I saw this adaptation of the Pied Piper of Hamelin a while back in a publication I get from work. It had a good review and I saw Jay Asher was one of the writers. I’ve read and enjoyed his YA novel, 13 Reasons Why, so I thought I’d give this a go.

The small village of Hamelin has a big problem. Their rat population has exploded, and they’re eating all the food. The local rat-catcher is quickly overwhelmed, and the populace worried they won’t have enough to eat in the coming winter. A well-dressed man comes to down, claiming he can get rid of all the rats. All he does is play his flute and they follow him – but his services are far from free. The townspeople are skeptical, but agree to his outrageous demands. He catches the eye of Maggie, a teenage girl living in the village. She is deaf, so is also an outcast, and she feels she’s found a kindred spirit in the Piper. But he has a dark side, and he will bring terrible pain to both her and the village.

I was terribly disappointed in this one. The pacing was choppy; there was some indication of time skips, but not all of them were explained, leaving the reader to figure it out. Characterization was alllll over the place. One moment, our main character is wandering the woods, dreaming of the man she wants to find and marry, and the next she is totally tuned into a very practical household task. This happens multiple times throughout the book and was very irritating. I realize they’re working off a very vague folk tale, but the ending to the original tale is more tied-up and satisfying than the end of this graphic novel.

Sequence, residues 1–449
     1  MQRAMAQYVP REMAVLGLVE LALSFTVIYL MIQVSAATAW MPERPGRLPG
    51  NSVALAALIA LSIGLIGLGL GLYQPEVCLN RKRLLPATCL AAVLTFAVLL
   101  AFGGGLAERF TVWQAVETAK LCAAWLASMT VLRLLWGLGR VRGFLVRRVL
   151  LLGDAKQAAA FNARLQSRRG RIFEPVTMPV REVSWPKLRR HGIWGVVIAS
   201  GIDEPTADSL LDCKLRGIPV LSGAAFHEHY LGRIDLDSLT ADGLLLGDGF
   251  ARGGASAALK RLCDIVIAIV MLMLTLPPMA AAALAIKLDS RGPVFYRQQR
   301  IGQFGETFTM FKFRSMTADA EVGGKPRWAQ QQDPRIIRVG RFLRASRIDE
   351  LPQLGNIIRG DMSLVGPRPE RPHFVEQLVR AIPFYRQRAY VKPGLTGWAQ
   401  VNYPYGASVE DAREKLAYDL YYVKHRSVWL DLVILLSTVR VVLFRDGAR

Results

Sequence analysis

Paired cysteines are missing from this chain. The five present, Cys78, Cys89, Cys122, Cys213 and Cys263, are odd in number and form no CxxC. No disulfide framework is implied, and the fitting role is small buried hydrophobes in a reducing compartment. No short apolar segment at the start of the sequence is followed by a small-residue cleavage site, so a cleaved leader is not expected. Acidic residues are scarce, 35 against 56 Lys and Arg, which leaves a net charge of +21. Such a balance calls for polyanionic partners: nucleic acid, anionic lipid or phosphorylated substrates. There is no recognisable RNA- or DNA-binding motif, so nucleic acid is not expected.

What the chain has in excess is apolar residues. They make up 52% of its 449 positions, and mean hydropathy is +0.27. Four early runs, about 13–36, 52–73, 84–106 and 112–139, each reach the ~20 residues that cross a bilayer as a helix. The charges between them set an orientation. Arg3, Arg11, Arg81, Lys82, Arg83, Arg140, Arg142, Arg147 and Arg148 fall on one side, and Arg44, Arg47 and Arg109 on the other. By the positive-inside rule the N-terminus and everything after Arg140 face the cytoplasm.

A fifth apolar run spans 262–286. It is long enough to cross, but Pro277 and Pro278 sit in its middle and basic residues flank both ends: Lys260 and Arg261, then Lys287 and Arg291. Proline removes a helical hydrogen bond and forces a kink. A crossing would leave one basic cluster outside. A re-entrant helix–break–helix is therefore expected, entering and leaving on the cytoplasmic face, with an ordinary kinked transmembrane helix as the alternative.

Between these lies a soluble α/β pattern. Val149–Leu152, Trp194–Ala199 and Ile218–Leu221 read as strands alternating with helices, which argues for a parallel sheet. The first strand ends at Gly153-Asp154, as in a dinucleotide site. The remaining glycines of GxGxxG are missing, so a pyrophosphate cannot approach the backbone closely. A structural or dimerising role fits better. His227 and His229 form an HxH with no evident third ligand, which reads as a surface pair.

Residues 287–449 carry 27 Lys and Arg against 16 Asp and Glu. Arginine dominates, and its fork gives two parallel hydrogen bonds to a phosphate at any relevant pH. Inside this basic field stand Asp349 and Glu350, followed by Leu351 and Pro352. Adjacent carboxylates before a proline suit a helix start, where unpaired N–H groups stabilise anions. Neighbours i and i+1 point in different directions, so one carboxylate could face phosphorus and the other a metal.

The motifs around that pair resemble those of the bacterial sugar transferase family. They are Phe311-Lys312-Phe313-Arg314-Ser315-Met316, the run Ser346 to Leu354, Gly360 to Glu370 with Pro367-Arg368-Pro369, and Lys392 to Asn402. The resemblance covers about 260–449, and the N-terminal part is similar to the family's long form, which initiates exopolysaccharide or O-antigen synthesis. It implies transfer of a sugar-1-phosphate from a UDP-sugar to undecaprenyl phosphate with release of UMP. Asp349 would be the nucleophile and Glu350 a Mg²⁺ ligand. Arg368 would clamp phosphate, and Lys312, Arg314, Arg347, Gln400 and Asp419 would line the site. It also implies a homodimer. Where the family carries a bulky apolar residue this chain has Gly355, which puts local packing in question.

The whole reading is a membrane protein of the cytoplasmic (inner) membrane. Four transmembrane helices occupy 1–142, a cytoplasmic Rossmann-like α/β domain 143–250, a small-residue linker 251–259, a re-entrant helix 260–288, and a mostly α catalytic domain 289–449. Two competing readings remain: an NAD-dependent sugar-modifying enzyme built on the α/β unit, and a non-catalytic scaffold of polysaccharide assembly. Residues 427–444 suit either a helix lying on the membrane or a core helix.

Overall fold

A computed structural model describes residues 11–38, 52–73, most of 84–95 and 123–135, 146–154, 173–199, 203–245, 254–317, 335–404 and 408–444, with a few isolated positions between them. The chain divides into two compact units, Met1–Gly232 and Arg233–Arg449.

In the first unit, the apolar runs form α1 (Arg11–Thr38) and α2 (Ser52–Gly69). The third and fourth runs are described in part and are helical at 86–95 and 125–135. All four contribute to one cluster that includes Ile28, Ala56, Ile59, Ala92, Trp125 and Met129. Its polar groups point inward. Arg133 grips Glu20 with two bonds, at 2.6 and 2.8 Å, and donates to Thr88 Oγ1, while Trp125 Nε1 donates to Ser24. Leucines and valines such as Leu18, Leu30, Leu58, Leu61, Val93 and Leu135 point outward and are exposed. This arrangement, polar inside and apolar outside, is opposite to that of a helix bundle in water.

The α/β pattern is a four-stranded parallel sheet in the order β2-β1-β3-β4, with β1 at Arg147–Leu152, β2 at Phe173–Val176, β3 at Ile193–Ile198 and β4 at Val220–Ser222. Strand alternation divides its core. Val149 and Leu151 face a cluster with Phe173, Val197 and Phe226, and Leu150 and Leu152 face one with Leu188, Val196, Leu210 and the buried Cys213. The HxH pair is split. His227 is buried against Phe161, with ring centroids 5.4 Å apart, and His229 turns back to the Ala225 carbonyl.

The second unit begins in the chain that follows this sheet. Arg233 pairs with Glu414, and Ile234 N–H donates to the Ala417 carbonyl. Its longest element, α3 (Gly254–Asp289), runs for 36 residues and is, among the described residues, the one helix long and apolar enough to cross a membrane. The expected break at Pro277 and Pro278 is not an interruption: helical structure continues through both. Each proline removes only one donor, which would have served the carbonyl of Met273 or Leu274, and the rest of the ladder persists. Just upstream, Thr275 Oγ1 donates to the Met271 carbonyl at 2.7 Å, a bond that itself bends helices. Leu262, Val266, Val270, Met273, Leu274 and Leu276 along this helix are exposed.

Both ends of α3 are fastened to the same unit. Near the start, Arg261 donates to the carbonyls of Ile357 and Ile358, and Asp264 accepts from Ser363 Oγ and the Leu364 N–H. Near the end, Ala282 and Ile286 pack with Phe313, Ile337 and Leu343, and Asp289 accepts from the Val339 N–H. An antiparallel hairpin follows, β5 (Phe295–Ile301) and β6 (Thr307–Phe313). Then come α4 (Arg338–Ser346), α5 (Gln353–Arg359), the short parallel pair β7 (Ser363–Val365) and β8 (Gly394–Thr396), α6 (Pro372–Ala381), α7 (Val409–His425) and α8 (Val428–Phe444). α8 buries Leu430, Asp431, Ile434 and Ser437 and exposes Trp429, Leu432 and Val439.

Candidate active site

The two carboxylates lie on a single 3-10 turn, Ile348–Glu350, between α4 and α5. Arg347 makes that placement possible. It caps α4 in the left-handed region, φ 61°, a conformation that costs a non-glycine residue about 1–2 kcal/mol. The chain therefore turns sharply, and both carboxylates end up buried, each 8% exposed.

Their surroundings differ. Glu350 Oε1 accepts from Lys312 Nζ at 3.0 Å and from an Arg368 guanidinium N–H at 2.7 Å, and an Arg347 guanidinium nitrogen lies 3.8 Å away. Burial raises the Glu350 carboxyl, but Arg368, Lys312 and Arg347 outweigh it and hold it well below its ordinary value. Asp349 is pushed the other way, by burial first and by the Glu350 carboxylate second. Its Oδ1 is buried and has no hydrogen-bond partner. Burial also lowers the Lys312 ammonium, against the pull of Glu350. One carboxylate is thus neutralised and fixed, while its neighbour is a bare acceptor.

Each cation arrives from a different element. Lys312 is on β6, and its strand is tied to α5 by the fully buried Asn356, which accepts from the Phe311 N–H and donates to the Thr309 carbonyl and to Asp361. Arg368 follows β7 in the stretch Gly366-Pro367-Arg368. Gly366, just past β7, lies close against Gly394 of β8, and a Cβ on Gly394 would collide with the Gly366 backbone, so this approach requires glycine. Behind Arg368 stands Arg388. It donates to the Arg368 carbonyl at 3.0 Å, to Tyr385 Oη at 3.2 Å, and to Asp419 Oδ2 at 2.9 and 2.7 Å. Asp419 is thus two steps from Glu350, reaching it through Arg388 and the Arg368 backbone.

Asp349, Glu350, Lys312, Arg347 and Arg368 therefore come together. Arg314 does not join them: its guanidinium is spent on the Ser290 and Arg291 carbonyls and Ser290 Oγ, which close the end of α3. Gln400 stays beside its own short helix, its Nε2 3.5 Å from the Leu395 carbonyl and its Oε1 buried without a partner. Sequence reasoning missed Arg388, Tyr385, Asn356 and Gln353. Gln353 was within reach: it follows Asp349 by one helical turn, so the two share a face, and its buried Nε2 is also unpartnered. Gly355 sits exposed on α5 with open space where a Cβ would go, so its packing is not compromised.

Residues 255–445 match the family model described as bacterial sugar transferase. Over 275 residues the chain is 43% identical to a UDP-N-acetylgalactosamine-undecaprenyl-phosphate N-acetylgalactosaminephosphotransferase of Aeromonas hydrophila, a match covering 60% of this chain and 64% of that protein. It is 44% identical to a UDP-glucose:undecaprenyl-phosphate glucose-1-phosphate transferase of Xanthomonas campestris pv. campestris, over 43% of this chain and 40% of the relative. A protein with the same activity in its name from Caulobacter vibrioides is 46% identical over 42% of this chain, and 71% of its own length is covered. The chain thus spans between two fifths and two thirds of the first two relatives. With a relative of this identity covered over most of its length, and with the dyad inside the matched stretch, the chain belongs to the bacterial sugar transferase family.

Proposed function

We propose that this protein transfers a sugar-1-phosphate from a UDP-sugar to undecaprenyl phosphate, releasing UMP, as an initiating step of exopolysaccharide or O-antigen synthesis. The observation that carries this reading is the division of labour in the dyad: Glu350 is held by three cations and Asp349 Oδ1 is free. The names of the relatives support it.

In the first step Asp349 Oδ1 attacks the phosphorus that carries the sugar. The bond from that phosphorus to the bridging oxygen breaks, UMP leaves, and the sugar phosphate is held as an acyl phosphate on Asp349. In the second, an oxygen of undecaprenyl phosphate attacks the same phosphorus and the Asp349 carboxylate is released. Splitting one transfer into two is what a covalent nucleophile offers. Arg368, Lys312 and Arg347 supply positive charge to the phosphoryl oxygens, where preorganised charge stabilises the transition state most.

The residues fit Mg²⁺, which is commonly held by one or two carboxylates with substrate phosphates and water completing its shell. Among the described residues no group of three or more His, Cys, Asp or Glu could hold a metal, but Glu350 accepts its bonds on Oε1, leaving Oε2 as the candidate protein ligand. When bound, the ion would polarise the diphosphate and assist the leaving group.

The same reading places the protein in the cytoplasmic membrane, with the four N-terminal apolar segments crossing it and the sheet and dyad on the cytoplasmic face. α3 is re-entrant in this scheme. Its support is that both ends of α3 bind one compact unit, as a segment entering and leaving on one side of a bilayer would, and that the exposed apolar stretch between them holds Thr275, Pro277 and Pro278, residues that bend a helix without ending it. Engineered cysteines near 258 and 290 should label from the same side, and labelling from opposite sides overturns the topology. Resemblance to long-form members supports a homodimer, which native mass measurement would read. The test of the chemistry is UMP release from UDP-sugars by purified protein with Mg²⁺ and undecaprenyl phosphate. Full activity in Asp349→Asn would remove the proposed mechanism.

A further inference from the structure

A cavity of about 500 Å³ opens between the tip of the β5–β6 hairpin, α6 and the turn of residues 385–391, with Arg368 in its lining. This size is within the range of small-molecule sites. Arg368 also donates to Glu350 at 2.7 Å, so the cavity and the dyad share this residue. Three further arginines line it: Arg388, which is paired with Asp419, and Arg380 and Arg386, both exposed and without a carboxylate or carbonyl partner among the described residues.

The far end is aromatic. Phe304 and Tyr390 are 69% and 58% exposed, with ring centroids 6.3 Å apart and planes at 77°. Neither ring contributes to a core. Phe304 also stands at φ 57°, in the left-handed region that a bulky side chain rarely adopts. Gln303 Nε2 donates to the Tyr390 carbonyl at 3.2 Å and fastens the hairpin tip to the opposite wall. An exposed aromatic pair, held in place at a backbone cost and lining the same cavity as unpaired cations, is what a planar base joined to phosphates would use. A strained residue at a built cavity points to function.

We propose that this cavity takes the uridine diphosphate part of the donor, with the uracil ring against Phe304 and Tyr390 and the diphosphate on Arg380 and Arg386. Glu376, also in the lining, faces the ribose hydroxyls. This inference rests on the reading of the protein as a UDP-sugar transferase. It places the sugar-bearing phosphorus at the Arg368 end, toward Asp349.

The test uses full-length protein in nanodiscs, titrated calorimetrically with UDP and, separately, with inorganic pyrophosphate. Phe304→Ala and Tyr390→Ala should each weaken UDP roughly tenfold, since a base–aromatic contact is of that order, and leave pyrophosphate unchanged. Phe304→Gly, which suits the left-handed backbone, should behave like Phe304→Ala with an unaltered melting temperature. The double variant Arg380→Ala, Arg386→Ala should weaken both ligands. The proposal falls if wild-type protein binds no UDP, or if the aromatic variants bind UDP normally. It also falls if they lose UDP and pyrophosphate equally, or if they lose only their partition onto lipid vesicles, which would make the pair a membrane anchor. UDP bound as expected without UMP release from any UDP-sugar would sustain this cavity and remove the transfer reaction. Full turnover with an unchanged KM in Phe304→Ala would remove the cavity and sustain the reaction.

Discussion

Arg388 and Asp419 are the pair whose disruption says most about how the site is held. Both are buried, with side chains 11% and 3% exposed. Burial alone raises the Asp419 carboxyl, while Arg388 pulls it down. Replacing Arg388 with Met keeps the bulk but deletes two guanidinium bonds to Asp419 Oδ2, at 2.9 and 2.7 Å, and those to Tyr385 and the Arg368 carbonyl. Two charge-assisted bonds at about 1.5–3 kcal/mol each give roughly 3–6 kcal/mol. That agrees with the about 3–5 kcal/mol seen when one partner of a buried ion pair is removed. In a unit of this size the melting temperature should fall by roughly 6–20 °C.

I’m not entirely convinced Maggie’s deafness was handled correctly, or even there at all. She reads lips, and talks (it’s revealed that her deafness came as a result of a childhood accident, so she does know how to speak), but her speech patterns and bubbles are the same as everyone elses’. There are precious little context clues. Sometimes kids throw rocks at her to get her attention, or sneak up behind her, but that could happen to anyone. If I were to write a deaf character into a graphic novel, I would add more people correcting her pronunciation, and make her speech bubbles wobbly, maybe with a bit of a stutter, to indicate she’s not confident in speaking. I’d also add, you know, some sign language? Somehow??? Had I not been told by the book jacket she was deaf, I would have thought she was just a dreamy girl, totally oblivious to her surroundings.

I cannot fathom at all why this was so well-reviewed. Skip it entirely. It’s more infuriating than it is rewarding.

– Kathleen

Asher, Jay, Jessica Freeburg, and Jeff Stokely. Piper. 2017.

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